Watch Dr. Jobs and his Scary Laboratory on YouTubeand then head over to the spoilery discussion thread to discuss with your fellow brickfilmers!

By Nathan Wells on February 27, 2015, Comments (0), Share

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After months of preparation, I am pleased to announce the Brickfilms Wiki. Thanks to the fantastic work of sillypenta and BoatsAreRockable, and the assistance of rockydude411, dewfilms, Squash, AquaMorph and Rioforce, we're proud to present a community wiki designed to catalog notable brickfilms and brickfilmers.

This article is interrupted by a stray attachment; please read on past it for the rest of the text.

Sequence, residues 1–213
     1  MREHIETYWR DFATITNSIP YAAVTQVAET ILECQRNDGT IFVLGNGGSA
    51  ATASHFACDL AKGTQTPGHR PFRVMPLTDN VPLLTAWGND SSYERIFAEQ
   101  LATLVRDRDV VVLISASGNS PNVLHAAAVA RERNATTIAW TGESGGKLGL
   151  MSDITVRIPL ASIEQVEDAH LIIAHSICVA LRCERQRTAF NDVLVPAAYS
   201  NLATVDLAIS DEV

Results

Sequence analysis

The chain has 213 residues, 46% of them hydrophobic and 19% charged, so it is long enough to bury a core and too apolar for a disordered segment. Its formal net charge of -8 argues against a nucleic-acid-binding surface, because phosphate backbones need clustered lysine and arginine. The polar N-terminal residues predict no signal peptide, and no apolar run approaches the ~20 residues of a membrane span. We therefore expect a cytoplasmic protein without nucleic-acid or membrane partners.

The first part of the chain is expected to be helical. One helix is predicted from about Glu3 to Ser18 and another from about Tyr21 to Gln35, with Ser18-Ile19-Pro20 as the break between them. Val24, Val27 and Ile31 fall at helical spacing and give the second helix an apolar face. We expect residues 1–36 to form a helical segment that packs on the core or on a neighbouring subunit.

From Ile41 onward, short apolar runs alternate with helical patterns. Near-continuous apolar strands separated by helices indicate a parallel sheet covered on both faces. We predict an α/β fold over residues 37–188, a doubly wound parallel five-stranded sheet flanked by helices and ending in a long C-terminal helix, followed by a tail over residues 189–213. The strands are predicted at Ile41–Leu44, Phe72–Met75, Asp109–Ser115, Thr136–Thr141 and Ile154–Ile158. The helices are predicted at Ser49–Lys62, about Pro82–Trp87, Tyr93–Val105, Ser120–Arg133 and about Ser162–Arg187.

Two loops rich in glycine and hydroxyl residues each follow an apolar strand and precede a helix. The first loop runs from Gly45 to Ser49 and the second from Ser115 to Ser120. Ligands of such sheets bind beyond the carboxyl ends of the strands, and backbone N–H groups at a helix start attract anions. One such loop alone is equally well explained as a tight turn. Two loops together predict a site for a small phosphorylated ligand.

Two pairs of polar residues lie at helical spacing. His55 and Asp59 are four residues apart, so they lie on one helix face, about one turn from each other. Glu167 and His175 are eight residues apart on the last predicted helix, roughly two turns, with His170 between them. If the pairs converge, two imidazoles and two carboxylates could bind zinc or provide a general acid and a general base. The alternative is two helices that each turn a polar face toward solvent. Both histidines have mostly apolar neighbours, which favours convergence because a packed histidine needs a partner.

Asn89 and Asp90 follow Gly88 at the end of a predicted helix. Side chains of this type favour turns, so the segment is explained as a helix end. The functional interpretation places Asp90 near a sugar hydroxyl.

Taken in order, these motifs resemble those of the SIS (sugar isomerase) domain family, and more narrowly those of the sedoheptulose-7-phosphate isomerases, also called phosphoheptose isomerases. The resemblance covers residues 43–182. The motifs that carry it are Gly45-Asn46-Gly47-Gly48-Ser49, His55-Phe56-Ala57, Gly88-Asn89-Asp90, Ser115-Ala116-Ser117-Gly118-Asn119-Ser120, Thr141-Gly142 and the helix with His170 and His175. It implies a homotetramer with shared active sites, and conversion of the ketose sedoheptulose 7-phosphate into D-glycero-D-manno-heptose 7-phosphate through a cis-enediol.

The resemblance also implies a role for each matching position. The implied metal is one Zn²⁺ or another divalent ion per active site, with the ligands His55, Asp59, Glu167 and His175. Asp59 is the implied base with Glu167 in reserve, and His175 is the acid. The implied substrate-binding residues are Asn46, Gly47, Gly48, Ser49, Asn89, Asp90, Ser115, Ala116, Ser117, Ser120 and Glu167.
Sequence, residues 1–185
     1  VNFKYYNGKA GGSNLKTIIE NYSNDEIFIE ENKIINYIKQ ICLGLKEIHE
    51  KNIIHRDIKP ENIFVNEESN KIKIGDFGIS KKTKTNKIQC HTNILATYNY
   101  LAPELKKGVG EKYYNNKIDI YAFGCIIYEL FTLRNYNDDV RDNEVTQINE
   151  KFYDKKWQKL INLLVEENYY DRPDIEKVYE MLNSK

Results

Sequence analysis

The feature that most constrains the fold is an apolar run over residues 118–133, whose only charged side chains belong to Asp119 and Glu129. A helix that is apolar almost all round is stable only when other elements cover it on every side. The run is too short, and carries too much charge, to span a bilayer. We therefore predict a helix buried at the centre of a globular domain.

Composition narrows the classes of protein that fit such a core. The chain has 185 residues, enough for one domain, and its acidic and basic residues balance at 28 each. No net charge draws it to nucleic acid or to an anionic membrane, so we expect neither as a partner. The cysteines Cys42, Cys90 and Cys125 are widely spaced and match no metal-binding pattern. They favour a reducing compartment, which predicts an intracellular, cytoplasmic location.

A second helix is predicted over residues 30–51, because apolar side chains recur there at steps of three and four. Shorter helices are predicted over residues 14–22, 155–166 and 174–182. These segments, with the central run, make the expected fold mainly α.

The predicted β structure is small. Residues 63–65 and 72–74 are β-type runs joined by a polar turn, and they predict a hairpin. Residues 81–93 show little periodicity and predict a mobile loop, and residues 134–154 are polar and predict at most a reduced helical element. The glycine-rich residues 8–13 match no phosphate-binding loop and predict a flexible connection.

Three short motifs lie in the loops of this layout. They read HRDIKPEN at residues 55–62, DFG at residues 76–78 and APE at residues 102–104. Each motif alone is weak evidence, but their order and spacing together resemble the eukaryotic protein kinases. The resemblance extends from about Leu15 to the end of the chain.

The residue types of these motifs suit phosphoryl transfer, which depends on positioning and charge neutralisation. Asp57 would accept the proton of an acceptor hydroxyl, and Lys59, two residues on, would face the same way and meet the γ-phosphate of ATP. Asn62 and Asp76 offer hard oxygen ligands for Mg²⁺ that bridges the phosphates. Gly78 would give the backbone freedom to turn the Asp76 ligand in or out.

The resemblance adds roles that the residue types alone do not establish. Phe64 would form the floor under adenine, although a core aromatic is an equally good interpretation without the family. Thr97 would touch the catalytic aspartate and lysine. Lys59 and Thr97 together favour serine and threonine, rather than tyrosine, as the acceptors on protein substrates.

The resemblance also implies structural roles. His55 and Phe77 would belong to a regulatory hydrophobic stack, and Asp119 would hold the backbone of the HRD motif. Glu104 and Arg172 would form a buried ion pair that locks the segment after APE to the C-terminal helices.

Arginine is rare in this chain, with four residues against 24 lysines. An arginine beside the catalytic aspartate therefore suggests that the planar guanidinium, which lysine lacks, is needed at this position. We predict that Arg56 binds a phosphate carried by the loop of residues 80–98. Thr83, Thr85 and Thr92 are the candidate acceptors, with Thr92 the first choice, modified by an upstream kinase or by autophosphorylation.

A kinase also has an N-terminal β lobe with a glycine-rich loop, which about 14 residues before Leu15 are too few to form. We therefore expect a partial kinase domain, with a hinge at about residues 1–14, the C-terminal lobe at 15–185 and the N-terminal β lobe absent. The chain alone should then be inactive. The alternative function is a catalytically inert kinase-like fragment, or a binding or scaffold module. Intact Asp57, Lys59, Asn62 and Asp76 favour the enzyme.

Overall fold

The Brickfilms Wiki is open to all to edit and contribute, but, like all wikis, contributors must follow our Code of Conduct and Formatting Guidelines. Not every kind of page will be accepted, and the wiki core team (myself, Penta and Boats) will be keeping an eye on the wiki to make sure the wiki retains its high standards.


Check out the annoucement thread with more info here!

By Nathan Wells on February 23, 2015, Comments (0), Share